The worst spots appear to be in Scappoose and North County, Dickerson wrote. The St. Helens area is slippery, too, but not as much accumulation from what I have seen.
Crashes were reported along Highway 30, including two in Warren, one in Scappoose and another near the intersection with Cornelius Pass Road, which shut down two westbound lanes of traffic beginning at about 8:50 a.m., according to the Oregon Department of Transportation's online TripCheck feature.
We would advise people to avoid the area, but that's almost a silly statement given that that's the way in, said Dave Thompson, an ODOT official, on Friday morning. So we just ask people's patience.
Crashes on Highway 30 can cause bottlenecking on the main route in and out of Columbia County, as it is the only direct road connection between south county communities and Portland.
Further north and west along the road, a crash temporarily shut down Highway 30 about 11 miles west of Clatskanie just before 10 a.m. About two and a half hours later, a second crash, which resulted in a fatality, closed the highway again about 4 miles west of Clatskanie.
To the south, Cornelius Pass remained open throughout the snowy morning, according to Multnomah County spokesman Mike Pullen. About 3 inches of snow piled up on Cornelius Pass Road by 11:20 a.m., Pullen said, and traffic was moving slowly on the road.
We had periodic delays due to the semi-trucks having to stop to put chains on, Pullen said. When a big truck does stop on that road, everything behind it comes to a halt.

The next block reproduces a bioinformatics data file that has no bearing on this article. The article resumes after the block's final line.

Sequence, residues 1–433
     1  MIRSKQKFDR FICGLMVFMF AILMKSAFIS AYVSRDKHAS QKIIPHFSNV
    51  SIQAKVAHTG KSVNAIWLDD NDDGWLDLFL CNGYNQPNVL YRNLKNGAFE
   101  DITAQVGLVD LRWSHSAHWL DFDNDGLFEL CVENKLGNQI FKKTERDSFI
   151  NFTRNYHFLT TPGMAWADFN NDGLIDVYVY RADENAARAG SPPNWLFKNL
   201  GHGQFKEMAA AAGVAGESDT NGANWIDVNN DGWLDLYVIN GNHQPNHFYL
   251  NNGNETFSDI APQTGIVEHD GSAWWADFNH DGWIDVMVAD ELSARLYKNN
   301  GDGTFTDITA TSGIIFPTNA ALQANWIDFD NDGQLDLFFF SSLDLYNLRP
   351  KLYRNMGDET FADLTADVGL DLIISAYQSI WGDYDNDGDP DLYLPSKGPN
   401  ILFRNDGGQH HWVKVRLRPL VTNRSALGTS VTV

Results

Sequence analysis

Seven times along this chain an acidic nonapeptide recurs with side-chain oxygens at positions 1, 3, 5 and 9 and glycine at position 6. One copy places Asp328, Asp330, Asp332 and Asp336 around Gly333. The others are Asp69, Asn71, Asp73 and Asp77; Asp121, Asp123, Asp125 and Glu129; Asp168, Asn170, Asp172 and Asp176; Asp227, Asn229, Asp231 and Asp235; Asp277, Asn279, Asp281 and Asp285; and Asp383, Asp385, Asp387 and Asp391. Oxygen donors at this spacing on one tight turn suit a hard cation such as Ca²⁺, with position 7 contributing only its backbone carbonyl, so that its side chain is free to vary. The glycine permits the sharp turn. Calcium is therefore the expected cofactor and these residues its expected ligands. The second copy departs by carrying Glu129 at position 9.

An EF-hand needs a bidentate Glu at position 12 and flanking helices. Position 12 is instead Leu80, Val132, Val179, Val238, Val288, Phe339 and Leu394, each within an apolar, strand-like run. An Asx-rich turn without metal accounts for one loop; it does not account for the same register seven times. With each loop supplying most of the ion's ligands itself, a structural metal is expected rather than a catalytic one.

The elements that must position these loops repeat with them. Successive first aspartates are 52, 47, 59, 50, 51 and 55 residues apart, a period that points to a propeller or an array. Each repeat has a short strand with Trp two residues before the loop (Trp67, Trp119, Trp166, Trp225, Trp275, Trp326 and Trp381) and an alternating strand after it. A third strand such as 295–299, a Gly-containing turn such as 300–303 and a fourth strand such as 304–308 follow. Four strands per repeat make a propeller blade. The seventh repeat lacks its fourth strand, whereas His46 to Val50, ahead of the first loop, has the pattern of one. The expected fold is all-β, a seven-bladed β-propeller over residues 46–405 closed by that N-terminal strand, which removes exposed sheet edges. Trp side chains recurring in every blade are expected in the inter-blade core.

Meanwhile, the Columbia County Roads Department announced that Dutch Canyon Road in Scappoose was officially closed as of about 12:15 p.m. Friday. The department estimated the road would reopen at about 3 p.m.
Dave Hill, public works director with the Columbia County Roads Department said several cars were ditched along Dutch Canyon Road in Scappoose Friday morning, causing severe congestion. That seems to be where most of the snow has accumulated, Hill said. We have our people out there and will sending more traffic control until we can put more sand and gravel on the road, he said Friday morning.
traffic collisions continued to occur after in the county even after major roads were covered with sand and gravel. A broken-down car at the intersection of Havlik Drive and Highway 30 in Scappoose resulted in a non-injury, two-car fender-bender Friday afternoon that, according to Scappoose Police Sgt. Dennis Viereck, was one of several within the city limits. After the car broke down, Viereck said, two other cars attempting to stop at the intersection slammed into each other. People aren't prepared for it, he said, regarding the approximately three inches of snow that had accumulated in the city. Viereck added that, as of 1:30 p.m. on Friday, there had been six similar incidents within the city and 12 within the city limits.
Friday's snow came as a surprise to meteorologists who predicted that the system would largely bypass the Portland metropolitan area.
Mark Nelsen, chief meteorologist at the Fox 12 news station in Portland, wrote on the Fox 12 Weather Blog at 6:45 a.m. Friday, It appears all of our models may have been wrong since the main snow band seems to be setting up a good 50 miles farther north than we expected.
Nelsen concluded, After the disastrous December 2009 evening commute when we said it would do very little, I promised myself I wouldnt hesitate next time it appeared we were way off. I think this may [be] that time.Add a comment